6.  Crowded Slides
First of all, think about whether you really need to use slides or not.  Remember, you are the presentation and the slides are only there to assist you, not the other way around.  If you do decide to use slides, make sure they are relevant, easy to read (even from the back of the room) and focused on your message.  Cut out the endless bullet-pointed sentences and the columns of data in 6-point font. Think about how the slides will look to your audience and try using less text and more high-quality photos or images to convey your message.

7.  Sloppy Q&A
Answering questions can be an integral part of your presentation.  Set expectations at the start of your presentation by letting the audience know if, how and when you will handle questions.  Be prepared for questions and have extra material that you didn’t use in your actual presentation available to answer questions.  Be mindful of your body language while responding so you convey respect, confidence and energy.  If you don’t know an answer, don’t bluff – admit that you don’t know.  And keep control of the time by agreeing to handle off-topic or in-depth questions later.

Eliminating these 7 wastes will allow you to create, practice and deliver a presentation that will clearly convey your message and deliver value to your audience.

For more of my posts applying lean principles to presentation skills, see:

Applying Lean Principles to Presentation Skills: Respect People

Applying Lean Principles to Presentation Skills: Optimize the Whole

Gilda Bonanno's blog


Tuesday, December 4, 2012

How to Help Your Meeting Note-Takers (from Lynn Gaertner-Johnston)

I'm a big fan of grammar guru Lynn Gaertner-Johnston's Business Writing blog and monthly e-newsletter. 

In a recent post, How to Help Your Meeting Note-Takers, she provides recommendations for your meetings that will facilitate the all-important role of the meeting note-taker.

Here is an excerpt:
2. Include outcomes on your agenda--not just topics. A topic is "Discussion of team emails." An outcome is "Agree on best practices for team emails."

The post includes highlights from her current e-newslette article, along with reader tips. Thanks to Lynn for mentioning my blog and some of my tips in her post!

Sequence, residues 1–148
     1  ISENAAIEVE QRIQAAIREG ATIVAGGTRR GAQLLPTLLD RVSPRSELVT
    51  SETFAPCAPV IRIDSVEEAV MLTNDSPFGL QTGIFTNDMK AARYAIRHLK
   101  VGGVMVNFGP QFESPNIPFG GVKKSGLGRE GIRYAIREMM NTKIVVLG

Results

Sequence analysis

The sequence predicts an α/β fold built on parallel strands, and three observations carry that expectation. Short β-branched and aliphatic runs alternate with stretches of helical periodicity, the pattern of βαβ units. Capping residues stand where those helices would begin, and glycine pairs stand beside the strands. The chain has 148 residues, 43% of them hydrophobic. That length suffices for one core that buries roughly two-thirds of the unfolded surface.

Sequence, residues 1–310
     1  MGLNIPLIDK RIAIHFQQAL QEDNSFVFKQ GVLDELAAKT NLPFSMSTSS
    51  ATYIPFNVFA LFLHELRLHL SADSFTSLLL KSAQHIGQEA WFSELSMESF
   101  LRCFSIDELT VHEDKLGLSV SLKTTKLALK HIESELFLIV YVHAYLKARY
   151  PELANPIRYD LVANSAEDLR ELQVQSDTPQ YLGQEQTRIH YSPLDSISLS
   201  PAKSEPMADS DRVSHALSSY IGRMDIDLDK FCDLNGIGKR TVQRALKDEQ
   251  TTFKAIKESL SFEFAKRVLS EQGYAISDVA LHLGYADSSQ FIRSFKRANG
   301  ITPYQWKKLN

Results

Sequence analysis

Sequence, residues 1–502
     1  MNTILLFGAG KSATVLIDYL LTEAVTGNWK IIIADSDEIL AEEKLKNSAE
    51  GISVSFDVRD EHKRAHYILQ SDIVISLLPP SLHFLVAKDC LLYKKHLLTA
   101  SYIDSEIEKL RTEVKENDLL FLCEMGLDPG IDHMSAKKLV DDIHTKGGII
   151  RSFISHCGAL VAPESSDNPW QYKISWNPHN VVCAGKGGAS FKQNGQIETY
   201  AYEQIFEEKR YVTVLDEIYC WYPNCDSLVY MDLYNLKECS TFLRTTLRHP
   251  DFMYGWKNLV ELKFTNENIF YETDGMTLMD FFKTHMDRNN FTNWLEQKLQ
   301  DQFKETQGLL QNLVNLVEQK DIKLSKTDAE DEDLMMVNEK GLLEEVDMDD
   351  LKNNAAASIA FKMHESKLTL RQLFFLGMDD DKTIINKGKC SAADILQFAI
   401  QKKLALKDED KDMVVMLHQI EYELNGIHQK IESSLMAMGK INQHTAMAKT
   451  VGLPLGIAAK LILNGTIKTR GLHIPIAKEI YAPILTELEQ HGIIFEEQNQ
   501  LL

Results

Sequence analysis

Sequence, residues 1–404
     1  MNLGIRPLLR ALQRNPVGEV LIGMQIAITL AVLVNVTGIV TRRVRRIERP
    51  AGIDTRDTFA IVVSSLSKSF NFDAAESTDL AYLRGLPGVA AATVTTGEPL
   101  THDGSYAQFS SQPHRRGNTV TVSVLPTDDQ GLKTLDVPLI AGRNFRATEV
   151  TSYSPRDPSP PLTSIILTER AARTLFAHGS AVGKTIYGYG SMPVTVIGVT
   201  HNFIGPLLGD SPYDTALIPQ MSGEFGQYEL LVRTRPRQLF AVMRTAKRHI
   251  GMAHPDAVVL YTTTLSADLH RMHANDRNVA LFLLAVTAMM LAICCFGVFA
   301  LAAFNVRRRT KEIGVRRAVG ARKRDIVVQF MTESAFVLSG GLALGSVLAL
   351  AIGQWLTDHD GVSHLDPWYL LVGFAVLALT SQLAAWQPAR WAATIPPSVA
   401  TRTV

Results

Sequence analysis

To read the rest of her post, visit How to Help Your Meeting Note-Takers

To subscribe for free to Lynn's monthly e-newsletter, Better Writing at Work, visit

Gilda Bonanno's blog

Monday, December 3, 2012

More How to Network at Holiday Parties

Here is an email exchange I had this week with a newsletter subscriber about networking at holiday parties:

Hi Gilda,
I occasionally join my husband at one of his company's social gatherings for families and friends. It feels more like an assignment than a party for me as I have to present myself in an appropriate manner and be social with people I really don't know that well. Any tips to make it a happier experience for me?? I do get myself to meet and greet, however,it becomes a challenge to get the conversation to the next level as these are my husband's business colleagues and there are some limits as to what areas one can speak about. Thanks, A.

My response:
Dear A.,
Perhaps you can just accept that in some of these situations, the conversation will never get beyond "meet and greet" and move into the next level. Be content talking about the weather, movies, sports, kids and pets... in other words, set your expectations so that you are not frustrated with yourself for not being able to get into a deeper, more meaningful conversation.

Try to identify someone who feels out of place or uncomfortable and do your best to set them at ease (networking guru Susan RoAne calls it "acting like the host").

And plan a treat for yourself once the event is done to reward yourself for going through it with a smile.


Her response:
Dear Gilda,
Thanks for getting back to me so quickly......and, just in time for my husband's holiday party scheduled for this coming Saturday. I loved your tips and especially the one that advises giving myself a treat when the event is over. I like being in the moment but I guess in these situations when you want the moments to be over, it's nice to have a reward waiting!!

For more tips, read my post How to Network at Holiday Parties:

Gilda Bonanno's blog